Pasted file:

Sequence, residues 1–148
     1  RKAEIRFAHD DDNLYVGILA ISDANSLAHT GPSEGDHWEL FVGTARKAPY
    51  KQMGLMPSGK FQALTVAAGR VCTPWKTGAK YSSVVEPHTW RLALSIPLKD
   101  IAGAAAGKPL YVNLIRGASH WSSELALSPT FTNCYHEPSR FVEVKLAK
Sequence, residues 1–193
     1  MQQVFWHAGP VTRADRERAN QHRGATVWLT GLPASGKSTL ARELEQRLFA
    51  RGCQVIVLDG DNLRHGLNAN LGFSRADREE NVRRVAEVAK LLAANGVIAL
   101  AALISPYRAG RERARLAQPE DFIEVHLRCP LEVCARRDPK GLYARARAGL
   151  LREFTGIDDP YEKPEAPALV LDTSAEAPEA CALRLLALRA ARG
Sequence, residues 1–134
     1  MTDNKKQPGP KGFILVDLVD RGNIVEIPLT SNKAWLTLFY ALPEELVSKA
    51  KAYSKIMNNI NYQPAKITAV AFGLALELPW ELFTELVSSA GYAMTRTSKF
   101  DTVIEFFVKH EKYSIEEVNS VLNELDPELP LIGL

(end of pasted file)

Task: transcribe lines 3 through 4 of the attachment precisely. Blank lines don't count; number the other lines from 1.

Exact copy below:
    51  KQMGLMPSGK FQALTVAAGR VCTPWKTGAK YSSVVEPHTW RLALSIPLKD
   101  IAGAAAGKPL YVNLIRGASH WSSELALSPT FTNCYHEPSR FVEVKLAK